first_imgacked out the facilities of Shadow Mountain Community Church in El Cajon, California Saturday.  Their frequent applause was not for contemporary musicians or a preacher, but for scientists.  Ten miles from their headquarters, the Institute for Creation Research (ICR) had rented the large auditorium for the formal presentation of the results of its eight-year research project on Radioisotopes and the Age of the Earth (RATE).    The seven scientists summarized evidence now documented in a technical book, a popular summary and a documentary film.  The research included both field and theoretical work, including the gathering of samples from rock samples around the world for radiometric dating.  The team members, all Bible believing Christians committed to a Biblical young-earth chronology, followed accepted lab protocols and had their samples evaluated by state-of-the-art equipment at world-class facilities.  Among the many results, four primary geophysical findings and one textual analysis stood out:Helium residuals:  Radiogenic helium from zircons, extracted from granitic cores three miles deep at high temperatures, was still present in the biotite.  Conventional wisdom would have expected all the “slippery” helium atoms to have escaped long ago.  The team made predictions about how the helium measurements would fit a young-earth model and a uniformitarian model.  They calibrated the escape rate as a function of temperature and graphed their results; the data lined up exactly on the young-earth prediction of 6,000 years plus or minus 2,000 years.Radiohalo signatures:  The team followed up on earlier work by Robert Gentry on radiohalos, the spherical scars in granites resulting from alpha-particle ejections from the decay of uranium.  Polonium halos adjacent to uranium halos were ubiquitous.  Because of their extremely short half-lives, they would have had to have formed within months, minutes or even milliseconds (in the case of Po-214).  The researchers took this to mean that to have migrated from the zircons, the polonium halos would have to be same age as the fully-developed uranium halos, yet the uranium halos appear to show millions of years’ worth of decay if measured at present rates.Discordant isochrons:  Igneous rock samples from multiple sites in the Grand Canyon, judged ideal for radiometric dating, were sent to leading test labs and cross-checked by four independent isochron methods with multiple data points and good statistics.  The tests were double-blind; ICR had no control over the analysis, and the lab had no knowledge of the expected ages.  If the methods were reliable, all the dates should have been the same, but even though ages in the billion-year range were obtained, all the techniques differed radically from each other, some by 200% or 300% for the same rock.Carbon-14;  Samples from coal beds in multiple locales yielded measurable amounts of carbon-14.  According to conventional wisdom, it would be “unthinkable” for any radiocarbon to be present, because it would be undetectable in just 100,000 years, but the coal beds are assumed to be hundreds of millions of years old.  The team also found intact carbon-14 in diamonds, thought to have formed over a billion years ago.Genesis 1:  A statistical analysis of the verbs in the Hebrew text of Genesis 1 showed that it falls solidly in the genre of narrative, not poetry.  The meaning of “day” in the six-day creation account, therefore, cannot be properly interpreted in a poetical or allegorical sense.  This means that the writer intended the word day to mean ordinary days, not long ages.The scientists were frank about difficulties with their findings.  They acknowledged that fission-track counts and radiohalo density give evidence that millions of years’ worth of radioactive decay products had been generated, if measured at today’s rates.  To reconcile the above findings with the abundance of decay products, they hypothesized the decay rates had been accelerated in the past.  This suggestion, however, produces other problems.  Large amounts of heat and dangerous levels of radiation for organisms on the earth would have resulted from accelerated nuclear decay.  It is also uncertain why accelerated decay would have been associated with the Genesis Flood, which is when they believe some of it occurred.  They acknowledged that they have only tentative hypotheses to explain these unsolved problems at this point.  Nevertheless, the hard data indicate that radiometric dating methods are unreliable at least, and support a Genesis young-earth chronology at best.    While acknowledging the need for continued research and sampling, ICR hoped their findings would call into question an important icon of evolutionary geology – the belief in deep time – and would bolster confidence in the plain reading of the Biblical record of earth history.    The team gave some indication that their results can stand up to scrutiny.  Some of this material was presented in poster sessions at the AGU convention a couple of years ago, where thousands of geophysicists were gathered.  Hundreds of scientists saw the work and many lingered to discuss it.  ICR said that very few were hostile; most were quite eager to learn about the work and figure out what it meant, especially the younger scientists.    The film Thousands, Not Billions, the laymen’s paperback of the same title, and the technical book are now available on the ICR website.This is very much a work in progress.  While interesting and important, these findings still need to withstand the critics.  Radiometric dating is one of the pillars of evolution.  It provides the deep time needed for naturalistic accounts of the formation of the earth and the evolution of life.  Hard-core Darwinists will not yield any ground on this stronghold without a fight, and neither will old-earth creationists or theistic evolutionists.  But even young-earth creationists should give it a thorough shake-and-bake test.  All the hard questions should be asked by the friends of ICR first.  The findings are mostly a collection of anomalies rather than a coherent theory that accounts for all the observations.  The admitted problems with accelerated nuclear decay – heat dissipation and abundance of decay products – seem serious; the burden of proof will be on ICR to maintain what will look to critics like an ad hoc suggestion.    It’s important to note that long-agers have their own formidable problems.  They should examine their own vulnerabilities before doing battle with ICR.  These carefully-performed isochron measurements, cross-checked by four independent methods, reveal that the validity of radiometric dating can no longer be assumed.  Discordant results of this magnitude, indeed, call the entire procedure, including its assumptions and theoretical underpinnings, into question.  The fission-track analysis, in addition, makes it hard to believe that the samples could have remained below the annealing temperature for hundreds of millions of years, throughout multiple episodes of plate tectonics, volcanism and impacts.  The radiogenic helium from deep-earth cores should have escaped long ago.  Let the uniformitarians deal with these, while ICR gives more attention to their own difficulties.    Nevertheless, ICR is to be commended for the rigor of their sampling and analysis.  They have thrown down a serious challenge to believers in deep time.  Icons are for religion, not science, and radiometric dating has been immune from challenge for too long.  Many do not realize that radiometric dating is one of the few techniques that produces millions and billions of years; many others produce much younger ages.  Long touted as an impregnable bastion against the young-earth interpretation, radiometric dating is now under siege.    In an ideal engagement, neither side will attack the others’ motives or qualifications, but will respect the empirical data and test the interpretations from all angles.  This can turn a battle into a parley, a debate into a scientific conference.  There are mysteries in the RATE results that will require rigorous and critical study with the highest standards of integrity.  ICR has set a new pace of empirical honesty and constructive engagement.  Some fundamental new insights into the nature and behavior of radioactive decay – perhaps even with practical applications – may lurk in the data.  It remains to be seen how all this will play out, but even if there is a deadlock, all parties may have to concede that no human can know with certainty what happened in the pre-observational past, without faith.  Even that would be progress.(Visited 58 times, 1 visits today)FacebookTwitterPinterestSave分享0last_img read more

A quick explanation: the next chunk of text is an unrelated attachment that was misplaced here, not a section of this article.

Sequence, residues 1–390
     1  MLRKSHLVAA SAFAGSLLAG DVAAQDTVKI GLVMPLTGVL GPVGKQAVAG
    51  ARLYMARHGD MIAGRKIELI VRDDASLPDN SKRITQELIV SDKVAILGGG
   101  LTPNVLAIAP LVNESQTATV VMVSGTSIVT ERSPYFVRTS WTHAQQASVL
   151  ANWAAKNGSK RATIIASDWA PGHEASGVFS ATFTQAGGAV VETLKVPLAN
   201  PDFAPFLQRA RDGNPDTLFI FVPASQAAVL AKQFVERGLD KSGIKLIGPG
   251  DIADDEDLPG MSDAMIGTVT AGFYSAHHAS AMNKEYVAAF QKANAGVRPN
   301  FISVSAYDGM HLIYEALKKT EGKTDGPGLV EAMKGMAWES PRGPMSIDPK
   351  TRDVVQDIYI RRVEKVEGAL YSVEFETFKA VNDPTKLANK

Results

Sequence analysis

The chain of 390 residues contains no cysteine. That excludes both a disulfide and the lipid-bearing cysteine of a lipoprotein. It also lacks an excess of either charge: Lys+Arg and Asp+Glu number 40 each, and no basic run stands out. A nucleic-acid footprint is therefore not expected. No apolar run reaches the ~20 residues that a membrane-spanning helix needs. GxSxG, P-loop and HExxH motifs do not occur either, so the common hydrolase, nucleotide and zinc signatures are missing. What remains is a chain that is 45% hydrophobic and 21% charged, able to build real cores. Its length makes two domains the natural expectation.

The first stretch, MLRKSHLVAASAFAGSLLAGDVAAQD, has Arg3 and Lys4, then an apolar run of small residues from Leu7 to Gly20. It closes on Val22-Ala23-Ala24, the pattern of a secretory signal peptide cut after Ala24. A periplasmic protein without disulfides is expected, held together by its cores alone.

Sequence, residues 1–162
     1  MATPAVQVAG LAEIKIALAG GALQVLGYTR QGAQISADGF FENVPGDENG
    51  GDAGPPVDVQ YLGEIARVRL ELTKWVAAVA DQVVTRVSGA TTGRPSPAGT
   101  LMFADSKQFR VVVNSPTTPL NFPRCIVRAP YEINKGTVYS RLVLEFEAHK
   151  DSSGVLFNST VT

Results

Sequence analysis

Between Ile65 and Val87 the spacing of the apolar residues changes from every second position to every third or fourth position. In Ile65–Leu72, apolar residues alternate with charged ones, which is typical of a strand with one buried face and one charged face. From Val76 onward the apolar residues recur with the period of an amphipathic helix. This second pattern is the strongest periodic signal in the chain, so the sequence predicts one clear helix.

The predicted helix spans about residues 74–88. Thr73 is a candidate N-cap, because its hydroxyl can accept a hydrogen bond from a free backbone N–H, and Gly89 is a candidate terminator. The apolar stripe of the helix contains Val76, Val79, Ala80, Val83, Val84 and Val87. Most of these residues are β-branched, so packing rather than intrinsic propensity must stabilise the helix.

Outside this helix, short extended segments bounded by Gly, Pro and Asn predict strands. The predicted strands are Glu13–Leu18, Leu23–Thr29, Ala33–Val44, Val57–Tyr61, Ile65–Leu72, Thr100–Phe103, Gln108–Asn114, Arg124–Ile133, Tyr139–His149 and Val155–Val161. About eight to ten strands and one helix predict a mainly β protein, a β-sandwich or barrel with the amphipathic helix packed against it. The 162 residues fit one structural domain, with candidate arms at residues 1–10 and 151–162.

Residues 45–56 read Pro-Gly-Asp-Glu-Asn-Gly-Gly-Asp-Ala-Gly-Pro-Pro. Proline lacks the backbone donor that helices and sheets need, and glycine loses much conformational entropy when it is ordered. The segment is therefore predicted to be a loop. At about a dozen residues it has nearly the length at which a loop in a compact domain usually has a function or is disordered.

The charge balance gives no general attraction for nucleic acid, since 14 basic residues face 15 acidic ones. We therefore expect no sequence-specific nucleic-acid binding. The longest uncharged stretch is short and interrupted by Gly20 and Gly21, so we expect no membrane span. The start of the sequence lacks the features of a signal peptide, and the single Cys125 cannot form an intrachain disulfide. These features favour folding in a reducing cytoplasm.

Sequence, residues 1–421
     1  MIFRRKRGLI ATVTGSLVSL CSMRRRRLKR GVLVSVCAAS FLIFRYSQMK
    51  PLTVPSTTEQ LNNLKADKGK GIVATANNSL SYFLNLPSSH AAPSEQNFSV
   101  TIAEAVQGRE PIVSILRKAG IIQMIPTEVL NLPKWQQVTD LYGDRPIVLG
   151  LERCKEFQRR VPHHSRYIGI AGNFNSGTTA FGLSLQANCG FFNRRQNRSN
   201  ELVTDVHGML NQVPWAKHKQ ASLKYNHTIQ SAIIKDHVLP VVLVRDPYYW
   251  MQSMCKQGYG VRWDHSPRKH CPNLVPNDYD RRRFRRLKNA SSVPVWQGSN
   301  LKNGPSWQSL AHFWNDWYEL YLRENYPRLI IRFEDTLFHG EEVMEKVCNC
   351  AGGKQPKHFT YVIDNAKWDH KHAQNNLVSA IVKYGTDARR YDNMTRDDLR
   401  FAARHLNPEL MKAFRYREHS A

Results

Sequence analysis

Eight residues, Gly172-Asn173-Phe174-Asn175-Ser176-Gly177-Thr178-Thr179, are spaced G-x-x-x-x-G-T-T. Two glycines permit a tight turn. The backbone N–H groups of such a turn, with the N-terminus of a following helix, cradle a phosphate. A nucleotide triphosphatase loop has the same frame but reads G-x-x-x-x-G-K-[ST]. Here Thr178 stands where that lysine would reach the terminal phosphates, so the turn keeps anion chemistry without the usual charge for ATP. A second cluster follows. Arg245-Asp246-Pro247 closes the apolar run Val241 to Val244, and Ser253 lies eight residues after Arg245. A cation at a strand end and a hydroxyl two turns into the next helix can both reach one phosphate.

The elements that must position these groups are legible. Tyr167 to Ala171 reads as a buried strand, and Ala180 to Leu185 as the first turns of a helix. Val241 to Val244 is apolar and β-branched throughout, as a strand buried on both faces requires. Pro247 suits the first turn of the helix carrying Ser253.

Apple Is No Longer Easy: A Mac Mini Tale Of Woe